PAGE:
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What keeps you young?
(No. 58) Coffee, cold killer waves and laughter, by Stephen P. Williams
There is always an answer out there
Photo by Paul Skorupskas on Unsplash
I had a video meeting the other day with a guy in his late 50s. He flies planes. Climbs mountains. Gets up at 4 am to read books so he’ll know what he’s talking about in meetings. He’s youthful. I said I was very curious about the project he was proposing I work on, even though I knew nothing about the subject, which has to remain secret.
“I don’t know why, at 63, I’m excited to dive into learning how to write for a whole new medium, but I’m here for you,” I said.
“That, to me, is the definition of youthfulness,” he said. “When you stop being curious, stop wanting to challenge yourself with new things --- that’s when you start to get old.”
I agreed, and patted myself on the back. If nothing else, I am even more curious about the world than I was when I was younger. But in the last decade I’ve seen many living, sort of breathing examples of what happens when someone just decides they’ve learned enough, and they’re gonna coast the rest of the way. The destination, of course, being death.
Invariably, they start to sit more. They lose their muscles. They begin to walk slowly. And more often than not a general grumpiness sets in that alienates them from other people, especially other younger people. Social isolation encourages poor sartorial habits, such as thin yellowed t-shirts with little holes in them. The downward slide into immobility and boredom is quick, from what I’ve seen.
What will people do when, instead of assuming they’ll die in their 70s, they realize they’ll die in their 100s? Will they still give up at 58 and just watch screens for another 50 years?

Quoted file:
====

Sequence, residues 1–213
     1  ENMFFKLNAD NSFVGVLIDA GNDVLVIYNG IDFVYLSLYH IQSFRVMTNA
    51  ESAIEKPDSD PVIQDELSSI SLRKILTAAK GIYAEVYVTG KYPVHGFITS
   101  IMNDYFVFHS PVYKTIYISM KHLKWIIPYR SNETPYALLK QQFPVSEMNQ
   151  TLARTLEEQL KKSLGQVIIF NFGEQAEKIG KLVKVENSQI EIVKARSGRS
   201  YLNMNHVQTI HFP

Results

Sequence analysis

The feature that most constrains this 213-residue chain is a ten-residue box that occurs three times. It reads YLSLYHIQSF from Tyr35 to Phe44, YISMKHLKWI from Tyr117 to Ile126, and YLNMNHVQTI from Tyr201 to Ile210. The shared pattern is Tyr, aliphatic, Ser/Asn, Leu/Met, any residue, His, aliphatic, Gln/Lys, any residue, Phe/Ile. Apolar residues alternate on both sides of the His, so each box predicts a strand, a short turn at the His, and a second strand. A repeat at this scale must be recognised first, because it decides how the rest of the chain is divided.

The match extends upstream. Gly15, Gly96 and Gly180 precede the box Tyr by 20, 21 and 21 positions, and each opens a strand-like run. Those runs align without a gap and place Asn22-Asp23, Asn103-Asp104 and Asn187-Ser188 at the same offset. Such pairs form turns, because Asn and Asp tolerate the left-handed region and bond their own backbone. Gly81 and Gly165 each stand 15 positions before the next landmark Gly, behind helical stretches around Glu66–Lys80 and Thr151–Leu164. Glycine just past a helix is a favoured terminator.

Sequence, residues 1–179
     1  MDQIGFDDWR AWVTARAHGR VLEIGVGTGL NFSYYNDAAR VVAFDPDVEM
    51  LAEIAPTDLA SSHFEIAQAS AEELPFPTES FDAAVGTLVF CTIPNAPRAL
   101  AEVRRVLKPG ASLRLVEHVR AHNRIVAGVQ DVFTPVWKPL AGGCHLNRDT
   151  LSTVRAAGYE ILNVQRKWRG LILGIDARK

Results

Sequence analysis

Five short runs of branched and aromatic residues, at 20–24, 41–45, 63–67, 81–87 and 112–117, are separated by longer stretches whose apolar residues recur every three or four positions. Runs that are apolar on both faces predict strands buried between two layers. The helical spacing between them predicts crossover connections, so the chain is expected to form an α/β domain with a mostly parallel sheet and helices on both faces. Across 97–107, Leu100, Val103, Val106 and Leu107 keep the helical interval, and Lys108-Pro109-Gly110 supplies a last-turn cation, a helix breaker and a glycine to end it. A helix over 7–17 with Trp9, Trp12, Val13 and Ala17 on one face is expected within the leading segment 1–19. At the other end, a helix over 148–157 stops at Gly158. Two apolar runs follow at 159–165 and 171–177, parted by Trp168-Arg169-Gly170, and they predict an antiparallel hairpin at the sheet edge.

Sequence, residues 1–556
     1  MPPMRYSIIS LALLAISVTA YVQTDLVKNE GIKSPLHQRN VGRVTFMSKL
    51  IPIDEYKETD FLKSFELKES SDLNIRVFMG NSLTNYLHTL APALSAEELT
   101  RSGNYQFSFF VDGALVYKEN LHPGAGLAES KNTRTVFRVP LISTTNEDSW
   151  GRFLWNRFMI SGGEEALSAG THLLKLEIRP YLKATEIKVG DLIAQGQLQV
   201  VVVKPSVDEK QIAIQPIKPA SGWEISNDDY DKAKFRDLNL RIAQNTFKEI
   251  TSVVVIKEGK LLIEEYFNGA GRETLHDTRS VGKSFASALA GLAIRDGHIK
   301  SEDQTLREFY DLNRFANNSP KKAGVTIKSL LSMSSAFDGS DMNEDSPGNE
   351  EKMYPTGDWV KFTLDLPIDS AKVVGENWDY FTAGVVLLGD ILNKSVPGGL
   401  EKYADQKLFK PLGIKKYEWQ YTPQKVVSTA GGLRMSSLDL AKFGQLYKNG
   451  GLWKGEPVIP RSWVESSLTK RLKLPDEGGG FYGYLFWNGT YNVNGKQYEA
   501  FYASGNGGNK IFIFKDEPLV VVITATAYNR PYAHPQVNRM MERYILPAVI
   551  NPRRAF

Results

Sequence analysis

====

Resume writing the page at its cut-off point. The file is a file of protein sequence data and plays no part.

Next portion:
Many people believe that the boomers will be the last generation of humans to face the prospect of living fewer than 100 years. For instance, a nonprofit called the Coalition for Radical Life Extension (CRLE) hosts an annual conference and festival called Revolution Against Aging and Death, or RAADFest. The founder, James Strole, calls it “Woodstock for radical life extension.” This year it will be online, to accommodate whatever virus variant we will be dealing with when it convenes in October. But in the past, in locations such as Las Vegas, aging health nuts have browsed acres of vendors of creams, oils, pills and “innovative treatments” like anti-magnetic-field floor mats that are said to protect people from age-inducing radiation. Some of this stuff sounds like quackery. But some hits the basket.
Photo by Artur Kornakov on Unsplash
There’s the very scientific work being done by David Sinclair, who works for both Harvard and the University of South Wales, in Sydney. That must be a hell of a commute, and I can’t imagine that all the ambient airplane radiation is good for his skin. (You can calculate your in-flight radiation exposure here.)